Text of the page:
While some produce goes from field to consumer in a relatively straightforward manner, sometimes even being packed for shipment in the field itself, most produce goes through a more complicated process in a processing facility.
Believe it or not, tracking produce from the field to the processing facility and from the facility to the shelf is not as difficult as it might seem. The real problems may be inside the processing plant and in the processes themselves.
So, let’s look at the easy part first. Using GPS and an RFID or barcode-tagged carton or pallet, the geographic source of the produce (e.g., section of a field or orchard) can be precisely identified.
Once produce leaves the facility, RFID or barcodes on pallets and cartons can again be used to follow the produce to the customer—a store, restaurant or other processing facility. Bagged or packaged produce can be tracked with GS1 barcodes with product code and batch number (a type of Serialized Global Trade Item Number or SGTIN).
A side note: In a recent recall of lettuce, Dole used tracking information from RFIDtagged pallets to minimize the size of the recall to two batch numbers that might have been contaminated.
In the near future, even individual pieces of loose produce (e.g., apples, tomatoes) could be labeled with a very small GS1 DataBar Expanded Stacked barcode with an SGTIN that could include alphanumeric characters for batch number, which many companies prefer to use.
Okay, it will not necessarily be easy to implement these technologies, but there are technical solutions available. The more difficult issues for some companies may be determining exactly how to handle batches with greater granularity than they currently do.
Let’s look at apples as an example. Apples packed into transport containers in the orchard can be easily identified. However, once they arrive at the processing plant, they will, at the very least, be washed and wax coated. These are continuous processes. How and where do you define what constitutes a particular batch? Would it be every truckload? Every apple that comes from that orchard? Every shift? And, how do you segregate the apples in one batch from the next?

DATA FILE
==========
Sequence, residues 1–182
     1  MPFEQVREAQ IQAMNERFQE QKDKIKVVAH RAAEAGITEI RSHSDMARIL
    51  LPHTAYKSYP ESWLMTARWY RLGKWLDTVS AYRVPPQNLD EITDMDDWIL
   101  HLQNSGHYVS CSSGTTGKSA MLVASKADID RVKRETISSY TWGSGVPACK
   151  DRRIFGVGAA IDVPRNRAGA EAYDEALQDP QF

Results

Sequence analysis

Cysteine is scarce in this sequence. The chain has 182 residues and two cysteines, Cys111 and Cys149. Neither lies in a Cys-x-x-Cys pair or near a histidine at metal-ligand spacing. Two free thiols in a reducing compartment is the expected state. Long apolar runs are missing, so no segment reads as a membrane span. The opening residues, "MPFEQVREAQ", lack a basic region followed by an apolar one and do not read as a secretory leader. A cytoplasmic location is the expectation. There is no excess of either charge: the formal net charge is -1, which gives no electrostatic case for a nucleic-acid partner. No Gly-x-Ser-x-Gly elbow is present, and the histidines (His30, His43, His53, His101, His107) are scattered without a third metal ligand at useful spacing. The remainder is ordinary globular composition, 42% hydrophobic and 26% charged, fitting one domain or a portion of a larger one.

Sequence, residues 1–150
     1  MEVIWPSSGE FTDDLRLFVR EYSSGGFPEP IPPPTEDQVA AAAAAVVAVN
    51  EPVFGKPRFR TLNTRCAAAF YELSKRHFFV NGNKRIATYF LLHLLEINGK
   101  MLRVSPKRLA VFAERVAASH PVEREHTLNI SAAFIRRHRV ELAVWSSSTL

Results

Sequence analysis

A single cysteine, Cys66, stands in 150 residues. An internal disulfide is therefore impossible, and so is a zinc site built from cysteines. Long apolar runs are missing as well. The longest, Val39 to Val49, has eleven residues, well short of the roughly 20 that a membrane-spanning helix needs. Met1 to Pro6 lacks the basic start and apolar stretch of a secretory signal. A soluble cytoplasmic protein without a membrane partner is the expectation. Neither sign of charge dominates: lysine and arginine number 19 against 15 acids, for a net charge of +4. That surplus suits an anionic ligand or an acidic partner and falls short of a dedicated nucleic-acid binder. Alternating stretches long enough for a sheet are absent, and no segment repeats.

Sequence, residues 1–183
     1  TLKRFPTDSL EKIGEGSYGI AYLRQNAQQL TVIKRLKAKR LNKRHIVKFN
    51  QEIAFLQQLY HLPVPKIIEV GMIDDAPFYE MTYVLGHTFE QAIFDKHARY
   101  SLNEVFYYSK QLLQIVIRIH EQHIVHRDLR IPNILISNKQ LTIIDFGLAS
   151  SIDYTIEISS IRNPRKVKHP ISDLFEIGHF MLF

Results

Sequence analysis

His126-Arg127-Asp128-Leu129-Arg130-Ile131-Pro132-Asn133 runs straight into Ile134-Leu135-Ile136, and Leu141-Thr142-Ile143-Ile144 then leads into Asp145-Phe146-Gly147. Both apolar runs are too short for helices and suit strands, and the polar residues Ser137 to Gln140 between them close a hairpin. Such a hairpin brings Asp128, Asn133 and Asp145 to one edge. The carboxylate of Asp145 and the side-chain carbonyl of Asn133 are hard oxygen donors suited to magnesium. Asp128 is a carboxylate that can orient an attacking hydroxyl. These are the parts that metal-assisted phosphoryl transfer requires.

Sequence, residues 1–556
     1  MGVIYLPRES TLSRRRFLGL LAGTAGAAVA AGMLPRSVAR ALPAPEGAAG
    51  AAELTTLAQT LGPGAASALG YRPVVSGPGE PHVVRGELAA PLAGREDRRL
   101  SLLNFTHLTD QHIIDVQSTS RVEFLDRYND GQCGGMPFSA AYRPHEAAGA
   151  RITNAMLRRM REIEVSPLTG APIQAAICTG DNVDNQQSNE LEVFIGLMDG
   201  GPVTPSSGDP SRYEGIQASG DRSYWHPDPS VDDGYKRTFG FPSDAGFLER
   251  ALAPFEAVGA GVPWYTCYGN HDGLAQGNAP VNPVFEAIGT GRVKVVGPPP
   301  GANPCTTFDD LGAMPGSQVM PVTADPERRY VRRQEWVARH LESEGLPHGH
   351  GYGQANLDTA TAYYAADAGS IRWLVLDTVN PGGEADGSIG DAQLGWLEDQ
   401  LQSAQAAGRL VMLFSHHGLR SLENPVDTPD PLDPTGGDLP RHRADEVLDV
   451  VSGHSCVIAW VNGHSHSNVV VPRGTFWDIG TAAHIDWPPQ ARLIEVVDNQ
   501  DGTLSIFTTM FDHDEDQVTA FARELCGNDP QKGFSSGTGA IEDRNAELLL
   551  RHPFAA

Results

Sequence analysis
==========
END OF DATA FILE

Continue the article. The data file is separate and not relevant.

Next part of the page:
If the apples are not destined for consumption whole, then they may not be packed in transport containers and only identifiable by the truck. This would also be true for items, such as potatoes, which are harvested into trucks or trailers, not hand picked. While it will be possible to identify precisely where that truck or trailer load came from, further processing would likely necessitate combining multiple loads into a single batch. Again, it’s a matter of determining how to define a batch for traceability.
For apples that are turned into applesauce (or oranges into orange juice), it’s more problematic. Mixing produce from different sources increases the number of batches that would be affected by a recall. Maintaining fine granularity of batch sizes might require significant process changes.
Certainly, the use of RFID or barcodes for tracking bins, vats, etc., within a facility can help with batch control for discretely processed items or smaller batches. However, for continuous processes,
| Bert Moore is a 20-year veteran of the AIDC industry. He is director of IDAT Consulting & Education, Alpharetta, Ga. |
you have to weigh the benefits of small batches against the probable process changes that would be required.
So, traceability is really “plant to processing to plate.” Since processing is the middle step, that puts you in the middle of the how-wehandle- a-batch decision. And, that’s the one that counts.